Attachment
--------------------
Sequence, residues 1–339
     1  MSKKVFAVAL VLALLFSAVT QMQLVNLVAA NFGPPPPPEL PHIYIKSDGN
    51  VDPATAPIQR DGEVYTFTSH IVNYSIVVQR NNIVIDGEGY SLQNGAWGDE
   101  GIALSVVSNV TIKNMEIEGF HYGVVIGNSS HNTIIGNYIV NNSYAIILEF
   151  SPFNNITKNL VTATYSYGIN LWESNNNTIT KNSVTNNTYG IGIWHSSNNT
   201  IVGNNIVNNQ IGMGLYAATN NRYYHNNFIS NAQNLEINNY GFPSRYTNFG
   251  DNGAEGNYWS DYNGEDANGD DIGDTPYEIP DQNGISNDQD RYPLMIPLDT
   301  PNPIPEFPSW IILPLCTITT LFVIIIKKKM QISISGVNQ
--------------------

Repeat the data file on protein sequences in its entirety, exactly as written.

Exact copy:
Sequence, residues 1–339
     1  MSKKVFAVAL VLALLFSAVT QMQLVNLVAA NFGPPPPPEL PHIYIKSDGN
    51  VDPATAPIQR DGEVYTFTSH IVNYSIVVQR NNIVIDGEGY SLQNGAWGDE
   101  GIALSVVSNV TIKNMEIEGF HYGVVIGNSS HNTIIGNYIV NNSYAIILEF
   151  SPFNNITKNL VTATYSYGIN LWESNNNTIT KNSVTNNTYG IGIWHSSNNT
   201  IVGNNIVNNQ IGMGLYAATN NRYYHNNFIS NAQNLEINNY GFPSRYTNFG
   251  DNGAEGNYWS DYNGEDANGD DIGDTPYEIP DQNGISNDQD RYPLMIPLDT
   301  PNPIPEFPSW IILPLCTITT LFVIIIKKKM QISISGVNQ